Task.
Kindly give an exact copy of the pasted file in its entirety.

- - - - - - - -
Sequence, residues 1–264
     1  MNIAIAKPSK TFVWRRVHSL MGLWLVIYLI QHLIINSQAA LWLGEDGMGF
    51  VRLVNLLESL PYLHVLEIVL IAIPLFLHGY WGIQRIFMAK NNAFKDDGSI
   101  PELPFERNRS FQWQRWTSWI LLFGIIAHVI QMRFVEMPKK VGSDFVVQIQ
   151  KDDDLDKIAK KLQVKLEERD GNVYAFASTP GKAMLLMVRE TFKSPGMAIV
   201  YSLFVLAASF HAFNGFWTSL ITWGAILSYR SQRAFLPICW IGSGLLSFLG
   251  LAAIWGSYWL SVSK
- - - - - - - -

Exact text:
Sequence, residues 1–264
     1  MNIAIAKPSK TFVWRRVHSL MGLWLVIYLI QHLIINSQAA LWLGEDGMGF
    51  VRLVNLLESL PYLHVLEIVL IAIPLFLHGY WGIQRIFMAK NNAFKDDGSI
   101  PELPFERNRS FQWQRWTSWI LLFGIIAHVI QMRFVEMPKK VGSDFVVQIQ
   151  KDDDLDKIAK KLQVKLEERD GNVYAFASTP GKAMLLMVRE TFKSPGMAIV
   201  YSLFVLAASF HAFNGFWTSL ITWGAILSYR SQRAFLPICW IGSGLLSFLG
   251  LAAIWGSYWL SVSK